An Interview with Saleem Ashkar
By Sheena Hastings
Internationally acclaimed Palestinian-Israeli pianist Saleem Ashkar is the 2015 Harrogate International Festival’s Artist in Residence.
He was born in Nazareth, and his grandfather was a carpenter…
Little Saleem Abboud Ashkar spent many happy hours learning to work with chunks of wood in that workshop in the Old Town, where the common mode of transport was still the donkey.
There was plenty of music around – mostly classical Arabic or pop – but no Beethoven or Chopin. When his engineer father swapped an old truck for a piano the little boy of six was mysteriously drawn to it – but there was no-one to teach him.During a brief opening of the Israeli-Lebanon border after the 1982 war, a distant relative arrived from Lebanon to find his family roots.
“I had never even heard the piano played,” says Ashkar. “But I knew I wanted to play, and here was this stranger who taught me how to read music and play in a few weeks. He then disappeared and the border closed again.
“We never saw or heard from him again, but before he left, he made my parents promise that they would find me a teacher.”
“Being one of two Arab children at a Jewish boarding school wasn’t easy”
There was no-one to be found in any town nearby, and the family had to take their son all the way to Tel Aviv for instruction under the celebrated Arie Vardi. Forced out of his comfort zone in every way, he had to learn Hebrew to survive in a Jewish school, and later learned German when he followed Vardi to Hanover at the age of 14. His English is pretty impeccable, too.
At 17, he was ‘discovered’ at an audition for young talent held by legendary conductor Zubin Mehta, who invited him to perform with the Israeli Philharmonic. He was later taken up by Daniel Barenboim, with whom he made his Carnegie Hall debut at 22.
Now 38, Ashkar says: “In retrospect, my amazing parents had to make a tough decision. They let me reach out across cultural boundaries to get my musical education. It was hard for them, and being one of two Arab children at a Jewish boarding school wasn’t easy, either.”
He is an Israeli citizen, and has been able to travel back and forth at will. But he is fully aware that a Palestinian child from the West Bank would never have had his opportunities. He hesitates to make political statements, but says he “despairs” of the continuing tensions in his homeland.
After four years at the Royal College of Music in London, he moved to Berlin 12 years ago. He still lives there with his German wife and six-year-old twin daughters.
He has played to great acclaim with the best conductors at the top concert halls and festivals across the globe. The musician has worked with leading orchestras, including the Vienna Philharmonic, La Scala Philharmonic, Concertgebouw Amsterdam, Leipzig Gewandhaus, London Symphony Orchestra, City of Birmingham Symphony Orchestra, NDR Hamburg and DSO RSB and Konzerthaus orchestras in Berlin.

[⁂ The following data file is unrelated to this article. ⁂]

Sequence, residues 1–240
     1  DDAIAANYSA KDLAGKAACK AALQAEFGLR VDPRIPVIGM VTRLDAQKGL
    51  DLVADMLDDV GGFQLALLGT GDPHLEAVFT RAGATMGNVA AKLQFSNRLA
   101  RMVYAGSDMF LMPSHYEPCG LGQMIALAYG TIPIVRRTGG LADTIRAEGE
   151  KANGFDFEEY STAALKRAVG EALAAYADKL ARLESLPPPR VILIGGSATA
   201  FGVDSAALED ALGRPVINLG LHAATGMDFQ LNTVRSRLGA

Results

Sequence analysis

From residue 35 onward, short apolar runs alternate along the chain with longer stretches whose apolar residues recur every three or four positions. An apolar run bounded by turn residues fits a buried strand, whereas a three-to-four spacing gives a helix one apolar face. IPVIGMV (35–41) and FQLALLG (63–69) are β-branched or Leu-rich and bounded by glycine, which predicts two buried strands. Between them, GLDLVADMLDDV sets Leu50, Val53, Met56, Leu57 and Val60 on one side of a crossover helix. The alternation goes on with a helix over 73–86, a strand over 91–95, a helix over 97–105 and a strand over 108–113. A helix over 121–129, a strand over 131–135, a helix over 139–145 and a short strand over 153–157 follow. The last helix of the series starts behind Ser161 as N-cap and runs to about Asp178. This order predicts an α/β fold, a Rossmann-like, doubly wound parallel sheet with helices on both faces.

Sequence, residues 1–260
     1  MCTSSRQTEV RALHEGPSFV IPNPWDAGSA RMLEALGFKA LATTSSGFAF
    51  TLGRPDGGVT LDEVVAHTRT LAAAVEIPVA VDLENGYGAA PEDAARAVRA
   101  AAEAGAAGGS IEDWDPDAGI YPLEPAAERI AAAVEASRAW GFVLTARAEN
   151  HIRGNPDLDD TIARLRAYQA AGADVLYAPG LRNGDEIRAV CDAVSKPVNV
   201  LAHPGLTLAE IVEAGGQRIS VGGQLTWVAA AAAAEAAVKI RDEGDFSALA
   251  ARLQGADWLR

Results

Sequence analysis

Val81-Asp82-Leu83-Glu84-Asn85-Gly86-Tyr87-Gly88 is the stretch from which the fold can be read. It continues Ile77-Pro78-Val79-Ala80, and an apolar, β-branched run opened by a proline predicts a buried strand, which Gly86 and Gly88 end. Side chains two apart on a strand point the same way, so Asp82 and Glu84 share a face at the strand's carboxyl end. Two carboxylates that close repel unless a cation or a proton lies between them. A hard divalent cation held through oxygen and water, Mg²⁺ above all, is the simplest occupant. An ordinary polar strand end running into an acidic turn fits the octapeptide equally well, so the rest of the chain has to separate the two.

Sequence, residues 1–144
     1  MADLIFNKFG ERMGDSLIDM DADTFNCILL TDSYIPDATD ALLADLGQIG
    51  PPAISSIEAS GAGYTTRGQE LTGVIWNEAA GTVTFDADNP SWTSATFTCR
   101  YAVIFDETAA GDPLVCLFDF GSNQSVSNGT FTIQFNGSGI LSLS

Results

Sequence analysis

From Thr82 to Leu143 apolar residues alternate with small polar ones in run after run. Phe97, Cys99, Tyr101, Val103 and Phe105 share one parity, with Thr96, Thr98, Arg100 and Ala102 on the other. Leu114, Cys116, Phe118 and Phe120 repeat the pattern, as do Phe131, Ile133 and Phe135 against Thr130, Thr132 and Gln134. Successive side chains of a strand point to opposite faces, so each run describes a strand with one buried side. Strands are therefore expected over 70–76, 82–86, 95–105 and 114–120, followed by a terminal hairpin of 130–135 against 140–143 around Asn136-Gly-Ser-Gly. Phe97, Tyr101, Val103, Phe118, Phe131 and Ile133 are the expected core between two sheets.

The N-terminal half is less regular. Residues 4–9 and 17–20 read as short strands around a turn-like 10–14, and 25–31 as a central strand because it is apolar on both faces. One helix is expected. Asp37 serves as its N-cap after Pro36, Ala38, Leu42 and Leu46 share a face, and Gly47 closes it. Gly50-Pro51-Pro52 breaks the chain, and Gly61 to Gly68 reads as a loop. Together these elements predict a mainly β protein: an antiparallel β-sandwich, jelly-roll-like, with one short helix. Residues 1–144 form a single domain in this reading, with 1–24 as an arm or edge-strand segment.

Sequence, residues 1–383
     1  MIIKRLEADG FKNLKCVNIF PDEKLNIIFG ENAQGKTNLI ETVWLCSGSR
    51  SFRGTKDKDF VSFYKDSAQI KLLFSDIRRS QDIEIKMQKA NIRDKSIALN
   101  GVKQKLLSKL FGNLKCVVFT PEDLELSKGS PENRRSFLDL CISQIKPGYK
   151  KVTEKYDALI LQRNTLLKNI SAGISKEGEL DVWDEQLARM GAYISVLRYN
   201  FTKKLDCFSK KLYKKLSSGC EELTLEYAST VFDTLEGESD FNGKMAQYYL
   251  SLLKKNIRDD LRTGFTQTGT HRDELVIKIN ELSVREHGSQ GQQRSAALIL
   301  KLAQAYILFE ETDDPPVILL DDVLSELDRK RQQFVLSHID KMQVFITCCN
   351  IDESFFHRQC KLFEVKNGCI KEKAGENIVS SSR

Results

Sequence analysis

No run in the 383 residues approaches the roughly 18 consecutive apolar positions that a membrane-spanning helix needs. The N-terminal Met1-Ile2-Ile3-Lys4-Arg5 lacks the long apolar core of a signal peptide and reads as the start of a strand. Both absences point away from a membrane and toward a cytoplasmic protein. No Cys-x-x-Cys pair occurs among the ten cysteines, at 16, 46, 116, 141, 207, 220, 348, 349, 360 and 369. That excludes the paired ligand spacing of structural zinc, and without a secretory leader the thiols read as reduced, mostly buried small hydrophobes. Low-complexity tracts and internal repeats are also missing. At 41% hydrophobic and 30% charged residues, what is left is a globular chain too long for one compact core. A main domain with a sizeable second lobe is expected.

His current focus is the Beethoven Sonata Cycle. He will complete it at Sage Gateshead in the 2015/16 season. This will be followed by performances in Berlin, Prague and Osnabruck the following year. His recordings have been described as “among the finest in the catalogue”.
He is closely involved in a music education charity set up 20 years ago in his parents’ living room. It’s run by his brother Nabeel.
The Polyphony Foundation gives musical education to Nazarene children, regardless of cultural or socio-economic background.
“We provide the kind of role models I never had when I was small,” he says. “We are lucky to have attracted funding from overseas, and will soon be extending it to Jaffa.”
“I feel very lucky”
A small chamber orchestra of Arab and Israeli musicians from the foundation (average age 18) will accompany Ashkar to Harrogate next month. Together they will perform works by Dvorak, Wisam Gibran and Shostakovich.
Saleem Ashkar, who is Artist in Residence at this year’s Harrogate International Festivals, will also give a solo recital of Beethoven sonatas, Chopin, Metner and Bartok. Both concerts’ narrative of the assertion of national identity through music fits perfectly with the Festival’s overarching theme ‘A Sense Of Place’, he says.
“I can’t wait to show off our gifted young players in Harrogate. Through music I crossed and left behind national boundaries. I’m not making a big political statement. But the reality is that if you give a child a ‘bigger stage’ (music), it’s a transformational experience.
“I feel very lucky that when my children go to kindergarten and my wife to work, I get to open a score and play. I do what I love – when I could be clinging to a boat trying to cross the Mediterranean.”